If you are reading this and thinking "Delta should have foreseen everything you mentioned above and built what was needed to avoid this outage" then you are probably someone that has never sat done with the business side and worked through a budget. I have no doubt that Delta has the technical aptitude to architect a 21st century design but the reality of legacy systems, volumes of data, and near real-time response rates on a global scale puts that prices tag into the hundreds of millions of dollars. While that may be chump change to a high-roller such as yourself, for a company (and industry) that has thin margins the idea of spending that much money is not appealing. That's why things get done in stages, a little bit at a time. I bet the costs for this outage, estimated in tens of millions of dollars, are still less than the costs for the infrastructure upgrades needed to have all of their data systems rebuilt.

 

Stay Calm and Be Nice

If you've ever seen the Oscar-snubbed classic movie "Roadhouse", you know the phrase "be nice". I have read a lot of coverage of the outage since yesterday and one thing that has stood out to me is how professional the entire company has been throughout the ordeal. The CEO even made this video in an effort to help people understand that they are doing everything they can to get things back to normal. And, HE WASN'T EVEN DONE YET, as he followed up with THIS VIDEO. How many other CEOs put their face on an outage like this? Not many. With all the pressure on everyone at Delta, this attitude of staying calm and being nice is something that resonates with me.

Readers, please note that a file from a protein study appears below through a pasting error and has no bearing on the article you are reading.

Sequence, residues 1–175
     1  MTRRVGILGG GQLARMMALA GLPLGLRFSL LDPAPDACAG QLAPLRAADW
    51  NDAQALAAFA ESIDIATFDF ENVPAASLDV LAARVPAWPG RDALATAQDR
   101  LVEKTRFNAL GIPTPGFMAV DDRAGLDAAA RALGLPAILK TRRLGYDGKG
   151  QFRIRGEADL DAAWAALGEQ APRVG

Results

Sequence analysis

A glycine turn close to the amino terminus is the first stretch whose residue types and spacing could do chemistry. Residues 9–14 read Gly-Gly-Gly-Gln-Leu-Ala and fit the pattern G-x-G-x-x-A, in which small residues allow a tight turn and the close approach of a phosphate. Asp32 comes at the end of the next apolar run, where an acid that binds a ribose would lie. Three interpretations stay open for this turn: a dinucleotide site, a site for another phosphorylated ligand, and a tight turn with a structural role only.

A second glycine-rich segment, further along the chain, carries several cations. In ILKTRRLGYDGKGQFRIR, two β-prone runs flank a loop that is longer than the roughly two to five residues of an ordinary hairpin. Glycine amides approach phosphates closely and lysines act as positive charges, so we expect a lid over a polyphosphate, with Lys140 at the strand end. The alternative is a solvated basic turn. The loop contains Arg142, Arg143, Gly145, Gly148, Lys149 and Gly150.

The bottom line here, for me, is that everything I read about this makes me think Delta is far superior to their peers when it comes to business continuity, disaster recovery, and media relations.

 

Like everyone else, I am eager to get some facts about what happened to cause the outage, and would love the read the post-mortem on this event if it ever becomes available. I think the lessons that Delta learned this week would benefit everyone that has had to spend a night in a data center keeping their systems up and running.

arjantim

The Public Cloud

Posted by arjantim Aug 9, 2016

A couple of years ago nobody really thought of Public cloud (although that might be different in the US), but things change, quickly. Since the AWS invasion of the public clo space we’ve seen a lot competitors try to win their share in this lucrative market. Lucrative is a well chosen word here as most of the businesses getting into this market take a big leap of faith, as most of them have to take their losses for the first couple of years. But why should Public Cloud be of any interest to you, and what are the things you need to think about? Let’s take a plane and fly to see what the public cloud has to offfer, and if it will take over the complete datacenter or just parts of it?

 

Most companies have only one purpose and that is to make more money then they spend… And where prices are under pressure there is really nly one thing to do, cut the cost. A lot of companies see the public cloud as cutting cost, as you’re only paying for the resources you use, and not for all the other stuff that is alsoo needed to run your own “private cloud”. And because of this they think the cost of public cloud is cheaper than building their datacenters every 5 years or so.